World

Why Putin Loves Trump: He’s Making America Weak Again

As the G20 summit shows, the US under its erratic president is losing its soft power – and its friends.

Photo Credit: Evgenii Sribnyi / Shutterstock.com

In the movie version, they would have talked for a few minutes and then found an excuse to dismiss their foreign ministers and interpreters. At long last, Vladimir Putin and Donald Trump would be alone and in private. Putin would look the American up and down, as proud as a father gazing upon his grown son. “We did it,” Putin might say softly, almost to himself. “We actually did it.”

Trump would reply, “It’s your greatest achievement, sir. I am your greatest achievement.” But the time for self-congratulation would be short. Their aides would be back soon. Hurriedly, Putin would give Agent Trump his next set of instructions, then hand him the state-of-the-art microdot camera he would need to photograph the most sensitive documents passing his desk in the Oval Office. Glancing towards the door, Putin would whisper: “Everything you’re doing – the crazy tweets, the attacks on the press – just keep doing it. Every day you’re in the White House, you’re making America weaker. Don’t stop.”

Even the most hardcore anti-Trumpers, those ready to believe the president’s campaign colluded directly with Moscow in corrupting the 2016 US election, don’t think it works quite like that. The notion of Trump as Manchurian Candidate, an agent of the Russian secret service, is fun as fantasy, but it’s no more than that. If there was collusion, it will have involved Trump acolytes rather than the man himself. Besides, any future case against Trump might not have to prove collaboration at all: that Trump sought to impede the FBI’s investigation into the affair, and thereby obstruct justice, would be grounds alone for impeachment.

Yet the assessment by the FBI and others that Russia meddled in the 2016 election – a claim apparently pressed by the US president and denied by the Russian one in their 135-minute meeting – is the prism through which the relationship between Trump and Putin, and between Washington and Moscow, is seen. And, day by day, it is reducing America’s standing in the world.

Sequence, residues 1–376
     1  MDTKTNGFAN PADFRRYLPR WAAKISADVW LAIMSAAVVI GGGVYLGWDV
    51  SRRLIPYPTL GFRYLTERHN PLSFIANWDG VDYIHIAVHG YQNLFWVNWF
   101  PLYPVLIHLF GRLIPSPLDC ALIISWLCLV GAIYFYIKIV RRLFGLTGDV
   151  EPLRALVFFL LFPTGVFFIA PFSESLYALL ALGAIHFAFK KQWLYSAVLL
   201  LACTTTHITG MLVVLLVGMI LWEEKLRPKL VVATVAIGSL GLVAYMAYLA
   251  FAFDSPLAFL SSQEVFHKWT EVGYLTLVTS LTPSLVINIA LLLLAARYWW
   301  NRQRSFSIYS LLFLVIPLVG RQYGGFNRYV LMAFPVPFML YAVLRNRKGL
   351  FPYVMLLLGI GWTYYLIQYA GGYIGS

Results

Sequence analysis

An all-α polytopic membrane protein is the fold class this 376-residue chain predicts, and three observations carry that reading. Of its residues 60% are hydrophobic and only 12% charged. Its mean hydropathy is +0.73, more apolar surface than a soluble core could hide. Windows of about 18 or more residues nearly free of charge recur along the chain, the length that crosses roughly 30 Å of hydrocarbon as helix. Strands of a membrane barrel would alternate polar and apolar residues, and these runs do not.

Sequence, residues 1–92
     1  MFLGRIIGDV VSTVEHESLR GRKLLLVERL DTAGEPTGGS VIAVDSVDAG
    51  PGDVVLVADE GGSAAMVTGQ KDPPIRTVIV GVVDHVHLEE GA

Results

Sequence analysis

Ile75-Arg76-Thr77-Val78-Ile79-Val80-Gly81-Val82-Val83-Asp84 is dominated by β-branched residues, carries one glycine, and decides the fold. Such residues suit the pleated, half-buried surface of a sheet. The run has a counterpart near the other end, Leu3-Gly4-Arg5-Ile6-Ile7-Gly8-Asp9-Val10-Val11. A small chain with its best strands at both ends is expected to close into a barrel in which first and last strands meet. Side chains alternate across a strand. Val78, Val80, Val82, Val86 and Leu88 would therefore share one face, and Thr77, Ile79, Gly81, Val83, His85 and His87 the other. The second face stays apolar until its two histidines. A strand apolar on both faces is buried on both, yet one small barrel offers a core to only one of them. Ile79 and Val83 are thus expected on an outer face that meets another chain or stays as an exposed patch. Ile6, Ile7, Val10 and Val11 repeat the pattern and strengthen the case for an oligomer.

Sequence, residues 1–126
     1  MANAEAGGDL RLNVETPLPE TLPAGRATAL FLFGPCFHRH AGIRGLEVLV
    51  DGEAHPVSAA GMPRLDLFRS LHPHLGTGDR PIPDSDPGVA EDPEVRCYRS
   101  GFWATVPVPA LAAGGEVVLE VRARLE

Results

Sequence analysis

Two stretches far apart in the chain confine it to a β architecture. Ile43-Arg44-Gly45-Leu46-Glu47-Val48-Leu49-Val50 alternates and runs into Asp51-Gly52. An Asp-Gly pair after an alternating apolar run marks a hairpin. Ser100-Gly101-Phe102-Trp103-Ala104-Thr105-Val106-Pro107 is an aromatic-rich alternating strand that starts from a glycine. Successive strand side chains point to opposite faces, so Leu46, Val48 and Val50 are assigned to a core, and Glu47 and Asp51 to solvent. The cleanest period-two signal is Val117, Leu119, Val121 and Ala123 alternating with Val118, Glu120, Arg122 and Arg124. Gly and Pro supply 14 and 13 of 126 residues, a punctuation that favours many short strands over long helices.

Consider the almost comic anticipation of the first handshake between the two men at the G20 in Hamburg today. A thicket of cameras watched, as TV anchors channelled their inner David Attenborough, interpreting the body language of the two great apes under surveillance. Who was owning the space, whose posture – Putin sitting back, Trump perched eagerly forward – conveyed dominance, whose suggested submission?

Absurd as such an exercise might seem, even that could not be taken at face value. For what if Trump was only trying to seem curt with a (by his standards) relatively brief handshake, in order to dispel the suggestion that he was Putin’s poodle? True, Trump had tweeted earlier that he intended to “represent our country well and fight for its interests”, but that muscular use of “fight” might all have been for show.

This is where the Russia imbroglio has left Trump. If he had confronted Putin in Hamburg, even fairly neutral observers would have wondered if it was staged for effect; if he’d made a show of comity, then it would be evidence that he was Moscow’s dupe. It did not, for example, escape the notice of the US press that Trump said it was an “honour” to meet Putin (while Putin merely confessed himself “delighted”). That use of “honour” implied a deference that, had Barack Obama voiced it, would not have been forgiven by Trump’s loudest supporters – or indeed by Trump himself. So this is the hole the US president has dug for himself. He can move neither forward nor backward. He is paralysed – and so, therefore, is the US-Russian relationship.